This also assumes a fairly straight-laced look at ‘families’ that is, frankly, squeakier and cleaner than is credible. It’s not like there’s a hard line here with bachelorette rager on one side, and wholesome, sober family fun on the other. One reason adults like to bring their kids to places like theme parks and fairs is that there’s something for everyone, including a little light day-drinking while the smaller ‘uns beg to get their picture taken with people dressed in giant cartoon animal suits. Disney is far from alone here. After all, Six Flags serves alcohol. Even Chuck E Cheese serves beer and wine!

It makes sense on the surface to desire a drink-free zone at an all-ages park. Or it would if that had already made a difference. Far be it for me to point out the most obvious, which is that Disneyland already serves alcohol, and lots of it. EPCOT, Hollywood Studios, Disney’s Animal Kingdom, and others all serve not just wine and beer, but spirits. For those who want something a little harder than what Belle & Co. have on offer, they need only wander just outside the Magic Kingdom. Disney is an open park once you’re inside, more or less. It’s not as though you get breathalyzed at each subsequent area’s entrance. But while Disneyland is well known for its lively nighttime party scene, that is where most of the heavy partying seems to happen; when the kids are all back at their hotels. In the end, I anticipate that little is going to change.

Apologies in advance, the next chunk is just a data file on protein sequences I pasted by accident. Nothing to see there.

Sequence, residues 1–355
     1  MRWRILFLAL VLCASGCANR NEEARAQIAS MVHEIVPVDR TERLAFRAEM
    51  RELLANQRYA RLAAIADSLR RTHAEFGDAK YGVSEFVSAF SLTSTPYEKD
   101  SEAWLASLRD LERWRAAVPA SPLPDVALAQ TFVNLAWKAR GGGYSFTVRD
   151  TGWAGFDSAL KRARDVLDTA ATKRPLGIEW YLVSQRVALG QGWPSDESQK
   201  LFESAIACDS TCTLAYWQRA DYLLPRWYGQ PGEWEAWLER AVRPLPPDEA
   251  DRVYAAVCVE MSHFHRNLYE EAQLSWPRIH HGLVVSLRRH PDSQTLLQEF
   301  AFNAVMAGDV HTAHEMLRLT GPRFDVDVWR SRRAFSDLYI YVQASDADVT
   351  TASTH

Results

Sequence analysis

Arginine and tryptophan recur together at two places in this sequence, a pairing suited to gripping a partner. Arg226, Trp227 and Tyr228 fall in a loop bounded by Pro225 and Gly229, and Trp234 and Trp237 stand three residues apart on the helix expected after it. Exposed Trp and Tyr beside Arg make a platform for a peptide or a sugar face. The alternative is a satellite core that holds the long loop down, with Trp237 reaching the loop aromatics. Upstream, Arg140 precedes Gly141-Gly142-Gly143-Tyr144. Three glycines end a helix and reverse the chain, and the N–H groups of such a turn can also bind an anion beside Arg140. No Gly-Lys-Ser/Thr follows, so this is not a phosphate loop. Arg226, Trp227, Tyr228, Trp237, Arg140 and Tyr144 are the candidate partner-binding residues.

Disneyland, I raise a glass to your expansion.

(via The Disney Blog)

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  • Alana Beltzer

    I’m confused, is this expansion (and therefore alcohol availability) happening at Disneyland or DisneyWorld? The article mentions both parks but I can’t parse which one is getting this upgrade. An expanded Fantasyland with booze at Disneyland in Anaheim would be quite relevant to my interests ;)

  • Zoe Chevat

    “When Disneyland sees an expansion in the Fantasyland section of their park this fall,” so, Disneyland, as far as I know.

  • Kate Ryan

    I know for sure that the Fantasyland portion of the Magic Kingdom park at Walt Disney World is being expanded. Since the Magic Kingdom is basically the WDW version of Disneyland, it’s plausible they are both getting upgrades, and thus this is applicable to both.